His revelations resulted in a global debate and modest legislative changes. More significant, perhaps, is that surveillance and the impact of technological change has seeped into popular culture, in films such as the latest Jason Bourne and television series’, such as the Good Wife.

 

Snowden also welcomed “a renaissance of scepticism” on the part of at least some journalists when confronted by anonymous briefings by officials not backed by evidence.

 

He warned three years ago of the danger that one day there might be a president who abused the system. The warning failed to gain much traction, given that Obama’s presidency seemed relatively benign. But it resonates more today, in the wake of Donald Trump’s response to the Russian hacking of the Democratic party: that he wished he had the power to hack into Hillary Clinton’s emails.

 

If Obama, as seems likely, declines to pardon Snowden, his chances under either Clinton or Trump would seem to be even slimmer. He described the 2016 presidential race as unprecedented “in terms of the sort of authoritarian policies that are being put forward”.

 

“Unfortunately, many candidates in the political mainstream today, even pundits and commentators who aren’t running for office, believe we have to be able to do anything, no matter what, as long as there is some benefit to be had in doing so. But that is the logic of a police state.”

 

He is even less impressed by the British prime minister, referring to Theresa May as a “a sort of Darth Vader in the United Kingdom”, whose surveillance bill is “an egregious violation of human rights, that goes far further than any law proposed in the western world”.

 

Snowden was initially berated by opponents for failing to criticise the Russian president, Vladimir Putin, but he has become increasingly vocal. It is a potentially risky move, given his application for an extension of asylum is up for renewal next year, so why do it?

 

“Well, it would not be the first time I have taken a risk for something I believe in,” he said. “This is a complex situation. Russia is not my area of focus. It is not my area of expertise. I don’t speak Russian in a fluent manner that I could really participate in and influence policy. But when something happens that I believe is clearly a violation of the right thing, I believe we should stand up and say something about it.

 

“My priority always has to be my own country rather than Russia. I would like to help reform the human rights situation in Russia but I will never be well placed to do so relative to actual Russian activists themselves.”

 

Might he end up as part of a US-Russian prisoner exchange, with Putin possibly more amenable to the idea if Trump was in power? “There has always been the possibility that any government could say, ‘Well, it does not really matter whether it is a violation of human rights, it does not really matter whether it is a violation of law, it will be beneficial to use this individual as a bargaining chip’. This is not exclusive to me. This happens to activists around the world every day.”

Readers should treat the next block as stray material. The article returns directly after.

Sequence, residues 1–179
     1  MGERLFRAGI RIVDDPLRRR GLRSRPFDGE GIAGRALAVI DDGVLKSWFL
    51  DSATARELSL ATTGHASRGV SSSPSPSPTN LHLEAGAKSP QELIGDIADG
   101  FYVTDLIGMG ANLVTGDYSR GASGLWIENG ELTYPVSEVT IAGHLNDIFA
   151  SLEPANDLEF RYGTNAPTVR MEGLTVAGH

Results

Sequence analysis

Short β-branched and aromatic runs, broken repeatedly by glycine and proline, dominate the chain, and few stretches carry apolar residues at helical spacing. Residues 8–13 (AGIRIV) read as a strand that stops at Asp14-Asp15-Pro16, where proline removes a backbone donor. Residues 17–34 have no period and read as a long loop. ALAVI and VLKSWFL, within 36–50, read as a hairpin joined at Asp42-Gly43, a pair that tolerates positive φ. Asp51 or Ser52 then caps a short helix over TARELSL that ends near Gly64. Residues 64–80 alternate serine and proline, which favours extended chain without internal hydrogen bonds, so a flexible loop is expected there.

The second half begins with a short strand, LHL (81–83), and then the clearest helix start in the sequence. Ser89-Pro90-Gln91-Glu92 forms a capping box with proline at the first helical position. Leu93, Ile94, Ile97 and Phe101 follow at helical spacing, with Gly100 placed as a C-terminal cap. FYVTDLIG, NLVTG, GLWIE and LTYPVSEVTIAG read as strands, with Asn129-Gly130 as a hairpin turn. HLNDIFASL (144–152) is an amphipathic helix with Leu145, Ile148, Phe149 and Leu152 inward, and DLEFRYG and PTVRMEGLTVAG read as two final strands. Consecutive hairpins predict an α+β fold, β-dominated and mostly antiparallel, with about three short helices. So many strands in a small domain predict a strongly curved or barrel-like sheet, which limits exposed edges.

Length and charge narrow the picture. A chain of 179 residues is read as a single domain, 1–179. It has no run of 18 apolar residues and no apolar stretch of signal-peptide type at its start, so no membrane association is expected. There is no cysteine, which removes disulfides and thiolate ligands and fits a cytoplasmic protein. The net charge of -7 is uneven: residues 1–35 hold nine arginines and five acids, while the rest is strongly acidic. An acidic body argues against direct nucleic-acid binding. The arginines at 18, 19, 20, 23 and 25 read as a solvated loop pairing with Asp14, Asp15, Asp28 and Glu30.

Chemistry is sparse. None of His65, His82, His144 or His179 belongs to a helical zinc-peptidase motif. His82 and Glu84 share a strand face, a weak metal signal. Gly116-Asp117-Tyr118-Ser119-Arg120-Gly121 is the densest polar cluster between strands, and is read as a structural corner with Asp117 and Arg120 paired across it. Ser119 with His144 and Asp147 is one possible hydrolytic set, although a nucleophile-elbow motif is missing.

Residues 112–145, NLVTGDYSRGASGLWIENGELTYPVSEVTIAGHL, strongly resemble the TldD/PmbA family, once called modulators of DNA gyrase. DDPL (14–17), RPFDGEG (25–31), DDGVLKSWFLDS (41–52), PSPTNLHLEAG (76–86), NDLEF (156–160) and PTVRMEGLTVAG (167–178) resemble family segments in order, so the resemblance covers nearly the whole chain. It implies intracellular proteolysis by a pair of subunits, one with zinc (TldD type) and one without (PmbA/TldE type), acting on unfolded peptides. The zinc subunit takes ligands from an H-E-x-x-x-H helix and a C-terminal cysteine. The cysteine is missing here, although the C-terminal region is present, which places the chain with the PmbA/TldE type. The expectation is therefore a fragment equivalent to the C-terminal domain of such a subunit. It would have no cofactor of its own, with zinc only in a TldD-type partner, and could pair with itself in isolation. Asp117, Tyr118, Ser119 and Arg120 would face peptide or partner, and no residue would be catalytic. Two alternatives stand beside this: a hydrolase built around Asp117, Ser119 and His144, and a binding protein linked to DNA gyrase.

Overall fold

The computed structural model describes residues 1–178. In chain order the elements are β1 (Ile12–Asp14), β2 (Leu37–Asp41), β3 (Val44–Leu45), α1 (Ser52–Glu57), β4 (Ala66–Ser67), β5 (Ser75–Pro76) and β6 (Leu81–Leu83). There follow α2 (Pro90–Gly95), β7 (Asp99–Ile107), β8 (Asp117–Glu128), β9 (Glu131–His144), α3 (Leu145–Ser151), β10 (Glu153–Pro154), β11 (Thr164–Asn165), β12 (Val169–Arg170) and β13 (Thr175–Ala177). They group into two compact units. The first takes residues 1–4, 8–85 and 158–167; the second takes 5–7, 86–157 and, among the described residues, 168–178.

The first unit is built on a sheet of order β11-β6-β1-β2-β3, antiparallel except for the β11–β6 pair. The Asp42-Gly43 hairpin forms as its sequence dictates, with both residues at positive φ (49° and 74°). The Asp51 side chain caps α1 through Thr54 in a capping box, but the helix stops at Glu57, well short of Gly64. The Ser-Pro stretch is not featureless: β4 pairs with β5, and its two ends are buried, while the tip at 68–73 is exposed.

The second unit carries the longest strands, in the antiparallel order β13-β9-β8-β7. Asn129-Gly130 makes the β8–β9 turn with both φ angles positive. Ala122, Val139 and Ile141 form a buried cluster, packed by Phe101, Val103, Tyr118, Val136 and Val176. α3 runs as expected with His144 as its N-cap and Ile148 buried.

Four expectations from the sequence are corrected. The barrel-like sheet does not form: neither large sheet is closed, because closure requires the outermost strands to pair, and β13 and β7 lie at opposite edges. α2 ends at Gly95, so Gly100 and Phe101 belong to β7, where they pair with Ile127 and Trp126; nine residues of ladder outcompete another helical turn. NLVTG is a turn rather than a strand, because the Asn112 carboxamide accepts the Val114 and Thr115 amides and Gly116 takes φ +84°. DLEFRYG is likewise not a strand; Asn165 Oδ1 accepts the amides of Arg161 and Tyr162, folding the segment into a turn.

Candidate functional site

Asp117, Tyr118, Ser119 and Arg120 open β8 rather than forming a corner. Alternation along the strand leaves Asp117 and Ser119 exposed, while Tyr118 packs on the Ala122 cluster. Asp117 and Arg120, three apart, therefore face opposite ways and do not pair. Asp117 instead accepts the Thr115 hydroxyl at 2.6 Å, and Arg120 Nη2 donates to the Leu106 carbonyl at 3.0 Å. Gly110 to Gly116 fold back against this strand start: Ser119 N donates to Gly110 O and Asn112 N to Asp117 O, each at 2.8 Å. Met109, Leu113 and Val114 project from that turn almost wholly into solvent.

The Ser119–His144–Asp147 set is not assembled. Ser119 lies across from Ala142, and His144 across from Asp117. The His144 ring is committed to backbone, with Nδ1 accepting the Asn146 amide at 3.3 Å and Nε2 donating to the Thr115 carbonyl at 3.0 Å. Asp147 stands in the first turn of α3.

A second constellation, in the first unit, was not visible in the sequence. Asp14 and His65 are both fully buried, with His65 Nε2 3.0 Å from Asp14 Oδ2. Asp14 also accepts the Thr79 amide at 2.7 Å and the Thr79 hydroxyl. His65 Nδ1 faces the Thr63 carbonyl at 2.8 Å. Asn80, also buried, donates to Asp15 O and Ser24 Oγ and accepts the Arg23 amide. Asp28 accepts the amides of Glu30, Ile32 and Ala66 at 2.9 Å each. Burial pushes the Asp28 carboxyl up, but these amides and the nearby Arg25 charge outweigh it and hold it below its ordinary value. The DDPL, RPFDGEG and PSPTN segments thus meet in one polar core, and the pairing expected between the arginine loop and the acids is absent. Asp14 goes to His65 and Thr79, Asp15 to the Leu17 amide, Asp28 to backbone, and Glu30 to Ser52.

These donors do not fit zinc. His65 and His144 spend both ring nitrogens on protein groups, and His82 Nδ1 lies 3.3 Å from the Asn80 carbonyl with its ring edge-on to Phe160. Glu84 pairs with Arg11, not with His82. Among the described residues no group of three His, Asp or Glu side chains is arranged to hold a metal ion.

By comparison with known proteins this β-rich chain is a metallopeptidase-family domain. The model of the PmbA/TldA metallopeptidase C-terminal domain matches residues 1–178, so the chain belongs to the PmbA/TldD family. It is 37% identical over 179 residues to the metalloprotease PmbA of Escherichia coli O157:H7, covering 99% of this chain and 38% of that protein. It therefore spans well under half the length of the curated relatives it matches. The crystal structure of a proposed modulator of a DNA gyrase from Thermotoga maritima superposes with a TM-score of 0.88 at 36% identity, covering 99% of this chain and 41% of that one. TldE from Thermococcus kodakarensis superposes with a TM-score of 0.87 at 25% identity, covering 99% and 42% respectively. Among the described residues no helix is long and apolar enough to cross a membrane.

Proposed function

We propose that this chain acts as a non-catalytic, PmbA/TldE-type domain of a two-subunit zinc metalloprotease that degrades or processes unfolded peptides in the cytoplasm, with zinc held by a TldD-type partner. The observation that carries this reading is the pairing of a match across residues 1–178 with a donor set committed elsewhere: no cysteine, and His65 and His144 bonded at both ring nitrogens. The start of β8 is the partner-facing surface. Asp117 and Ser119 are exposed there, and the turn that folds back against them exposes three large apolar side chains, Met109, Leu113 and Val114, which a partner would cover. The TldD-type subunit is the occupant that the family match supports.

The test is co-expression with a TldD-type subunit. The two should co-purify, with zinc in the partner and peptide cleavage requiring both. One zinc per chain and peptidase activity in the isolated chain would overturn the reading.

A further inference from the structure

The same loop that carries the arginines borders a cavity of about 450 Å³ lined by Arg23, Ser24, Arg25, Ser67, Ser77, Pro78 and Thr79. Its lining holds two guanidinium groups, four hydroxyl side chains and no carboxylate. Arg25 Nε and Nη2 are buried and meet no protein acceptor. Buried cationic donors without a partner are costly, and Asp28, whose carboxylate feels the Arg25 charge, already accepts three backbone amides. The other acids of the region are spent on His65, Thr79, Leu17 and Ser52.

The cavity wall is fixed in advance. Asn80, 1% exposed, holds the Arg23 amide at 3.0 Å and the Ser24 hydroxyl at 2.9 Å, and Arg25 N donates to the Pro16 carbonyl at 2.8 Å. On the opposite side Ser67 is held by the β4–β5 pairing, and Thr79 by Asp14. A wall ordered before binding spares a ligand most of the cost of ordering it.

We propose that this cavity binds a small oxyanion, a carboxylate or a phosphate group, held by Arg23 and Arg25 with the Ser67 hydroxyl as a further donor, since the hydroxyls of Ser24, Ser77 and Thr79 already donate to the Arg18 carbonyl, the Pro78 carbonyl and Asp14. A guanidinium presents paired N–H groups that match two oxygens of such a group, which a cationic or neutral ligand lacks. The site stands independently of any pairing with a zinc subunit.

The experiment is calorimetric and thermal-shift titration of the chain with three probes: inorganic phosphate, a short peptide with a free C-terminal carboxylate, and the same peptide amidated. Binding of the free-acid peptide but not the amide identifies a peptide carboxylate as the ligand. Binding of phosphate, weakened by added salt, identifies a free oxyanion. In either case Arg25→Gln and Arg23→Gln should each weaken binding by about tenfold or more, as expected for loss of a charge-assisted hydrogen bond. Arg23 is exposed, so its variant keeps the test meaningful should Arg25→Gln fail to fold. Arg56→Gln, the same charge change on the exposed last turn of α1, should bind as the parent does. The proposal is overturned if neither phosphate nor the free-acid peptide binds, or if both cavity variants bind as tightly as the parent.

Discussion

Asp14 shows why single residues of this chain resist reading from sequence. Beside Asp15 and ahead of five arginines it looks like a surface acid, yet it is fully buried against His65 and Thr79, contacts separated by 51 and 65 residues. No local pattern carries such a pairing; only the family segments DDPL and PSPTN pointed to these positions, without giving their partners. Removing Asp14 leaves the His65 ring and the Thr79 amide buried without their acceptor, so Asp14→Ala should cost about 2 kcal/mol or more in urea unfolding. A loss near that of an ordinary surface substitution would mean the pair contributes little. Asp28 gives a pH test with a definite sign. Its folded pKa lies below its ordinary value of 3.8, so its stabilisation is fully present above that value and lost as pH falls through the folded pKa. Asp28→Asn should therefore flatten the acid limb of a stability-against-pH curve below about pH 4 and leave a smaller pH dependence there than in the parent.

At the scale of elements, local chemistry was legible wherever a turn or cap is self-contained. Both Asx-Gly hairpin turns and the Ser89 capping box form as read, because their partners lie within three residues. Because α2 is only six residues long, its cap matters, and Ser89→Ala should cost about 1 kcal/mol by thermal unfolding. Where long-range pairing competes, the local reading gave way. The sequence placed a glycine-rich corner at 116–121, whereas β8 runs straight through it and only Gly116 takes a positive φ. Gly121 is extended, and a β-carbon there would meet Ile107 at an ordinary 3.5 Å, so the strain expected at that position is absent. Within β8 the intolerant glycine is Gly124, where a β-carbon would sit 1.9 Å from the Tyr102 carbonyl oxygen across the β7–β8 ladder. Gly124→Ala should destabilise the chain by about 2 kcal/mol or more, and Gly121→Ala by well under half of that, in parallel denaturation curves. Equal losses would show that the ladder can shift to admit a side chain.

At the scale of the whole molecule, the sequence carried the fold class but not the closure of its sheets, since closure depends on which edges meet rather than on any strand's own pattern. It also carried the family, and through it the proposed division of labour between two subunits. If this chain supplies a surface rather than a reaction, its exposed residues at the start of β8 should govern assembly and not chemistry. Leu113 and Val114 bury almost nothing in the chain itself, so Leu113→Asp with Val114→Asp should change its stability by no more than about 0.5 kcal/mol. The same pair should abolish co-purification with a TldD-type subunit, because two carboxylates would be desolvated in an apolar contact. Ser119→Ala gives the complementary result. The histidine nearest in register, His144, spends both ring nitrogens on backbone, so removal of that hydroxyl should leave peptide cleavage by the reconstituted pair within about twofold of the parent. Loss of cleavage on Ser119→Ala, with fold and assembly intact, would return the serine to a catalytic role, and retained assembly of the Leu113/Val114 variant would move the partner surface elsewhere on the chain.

He said he saw the Stone film as a mechanism for getting people to talk about surveillance, though he felt uncomfortable with other people telling his story.

 

 

 

Snowden has toyed with writing his memoirs but has not made much progress. There are at least three books about him on the way; an extensively researched one by the Washington Post’s Bart Gellman and two others thought to be hostile.

 

Asked if he was the source for the Panama Papers – the comments by the source sound like Snowden – he laughed. He praised the biggest data leak in history, adding that he would normally be happy to cloak other whistleblowers by neither denying nor confirming he was a source. But he would make an exception in the case of the Panama Papers. “I would not claim any credit for that.”

 

For someone who has spent his life trying to keep out of the public eye, he has now appeared in a Hollywood movie and an Oscar-winning documentary, and several plays, including Privacy, which just ended a run in New York and in which he has a part alongside Daniel Radcliffe.

 

“It was an alarming experience for me. I am not an actor. I have been told I am not very good at it. But you know if I can, I can try and maybe it will help, I will give it my best shot.”

 

For Snowden, his campaign for a pardon, even if forlorn, offers a chance to highlight his plight, and he expressed thanks to all those who were backing it. He also said he hoped that after the fuss of the movie he could finally fade into the background. “I really hope it is over,” he said. “That would be the greatest gift anyone could give me.”